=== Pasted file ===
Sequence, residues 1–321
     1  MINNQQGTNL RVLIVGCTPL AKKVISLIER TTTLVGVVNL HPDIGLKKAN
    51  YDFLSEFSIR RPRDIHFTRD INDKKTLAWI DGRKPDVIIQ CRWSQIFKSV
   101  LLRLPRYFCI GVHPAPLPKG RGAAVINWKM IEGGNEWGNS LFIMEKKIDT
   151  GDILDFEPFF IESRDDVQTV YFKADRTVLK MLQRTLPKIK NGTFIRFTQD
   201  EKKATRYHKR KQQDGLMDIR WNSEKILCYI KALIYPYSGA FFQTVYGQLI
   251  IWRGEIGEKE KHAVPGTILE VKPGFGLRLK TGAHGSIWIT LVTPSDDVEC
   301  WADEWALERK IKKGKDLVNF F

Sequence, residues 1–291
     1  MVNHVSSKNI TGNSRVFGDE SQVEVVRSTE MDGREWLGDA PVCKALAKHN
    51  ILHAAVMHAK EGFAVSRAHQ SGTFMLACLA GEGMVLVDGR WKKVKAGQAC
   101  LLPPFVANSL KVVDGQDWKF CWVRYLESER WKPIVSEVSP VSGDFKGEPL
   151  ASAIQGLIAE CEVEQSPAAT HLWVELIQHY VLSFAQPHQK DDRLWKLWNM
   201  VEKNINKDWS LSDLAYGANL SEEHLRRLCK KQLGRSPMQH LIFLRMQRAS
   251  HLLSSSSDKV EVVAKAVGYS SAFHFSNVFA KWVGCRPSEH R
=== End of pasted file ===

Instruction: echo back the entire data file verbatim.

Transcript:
Sequence, residues 1–321
     1  MINNQQGTNL RVLIVGCTPL AKKVISLIER TTTLVGVVNL HPDIGLKKAN
    51  YDFLSEFSIR RPRDIHFTRD INDKKTLAWI DGRKPDVIIQ CRWSQIFKSV
   101  LLRLPRYFCI GVHPAPLPKG RGAAVINWKM IEGGNEWGNS LFIMEKKIDT
   151  GDILDFEPFF IESRDDVQTV YFKADRTVLK MLQRTLPKIK NGTFIRFTQD
   201  EKKATRYHKR KQQDGLMDIR WNSEKILCYI KALIYPYSGA FFQTVYGQLI
   251  IWRGEIGEKE KHAVPGTILE VKPGFGLRLK TGAHGSIWIT LVTPSDDVEC
   301  WADEWALERK IKKGKDLVNF F

Sequence, residues 1–291
     1  MVNHVSSKNI TGNSRVFGDE SQVEVVRSTE MDGREWLGDA PVCKALAKHN
    51  ILHAAVMHAK EGFAVSRAHQ SGTFMLACLA GEGMVLVDGR WKKVKAGQAC
   101  LLPPFVANSL KVVDGQDWKF CWVRYLESER WKPIVSEVSP VSGDFKGEPL
   151  ASAIQGLIAE CEVEQSPAAT HLWVELIQHY VLSFAQPHQK DDRLWKLWNM
   201  VEKNINKDWS LSDLAYGANL SEEHLRRLCK KQLGRSPMQH LIFLRMQRAS
   251  HLLSSSSDKV EVVAKAVGYS SAFHFSNVFA KWVGCRPSEH R